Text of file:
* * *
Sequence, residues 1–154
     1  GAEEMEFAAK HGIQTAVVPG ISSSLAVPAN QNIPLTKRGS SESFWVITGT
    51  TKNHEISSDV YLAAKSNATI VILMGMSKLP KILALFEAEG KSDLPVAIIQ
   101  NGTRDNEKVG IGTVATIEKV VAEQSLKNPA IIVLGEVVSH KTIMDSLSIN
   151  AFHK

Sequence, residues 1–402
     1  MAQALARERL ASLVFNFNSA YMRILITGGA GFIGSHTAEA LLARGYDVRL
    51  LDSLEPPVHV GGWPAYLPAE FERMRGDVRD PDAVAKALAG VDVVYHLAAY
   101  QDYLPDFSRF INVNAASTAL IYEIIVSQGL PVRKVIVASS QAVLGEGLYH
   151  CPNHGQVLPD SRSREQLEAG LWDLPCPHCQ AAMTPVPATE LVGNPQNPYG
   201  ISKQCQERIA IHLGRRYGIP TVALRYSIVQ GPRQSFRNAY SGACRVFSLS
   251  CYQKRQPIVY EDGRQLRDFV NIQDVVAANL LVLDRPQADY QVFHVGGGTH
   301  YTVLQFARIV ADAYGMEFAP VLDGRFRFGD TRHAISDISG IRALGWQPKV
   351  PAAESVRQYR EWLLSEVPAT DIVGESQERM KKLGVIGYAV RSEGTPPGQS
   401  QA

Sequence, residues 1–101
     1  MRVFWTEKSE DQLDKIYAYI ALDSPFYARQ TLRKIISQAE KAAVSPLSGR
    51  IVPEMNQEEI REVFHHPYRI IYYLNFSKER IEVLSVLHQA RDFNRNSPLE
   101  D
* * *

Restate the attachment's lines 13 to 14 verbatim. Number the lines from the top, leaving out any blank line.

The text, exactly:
   301  YTVLQFARIV ADAYGMEFAP VLDGRFRFGD TRHAISDISG IRALGWQPKV
   351  PAAESVRQYR EWLLSEVPAT DIVGESQERM KKLGVIGYAV RSEGTPPGQS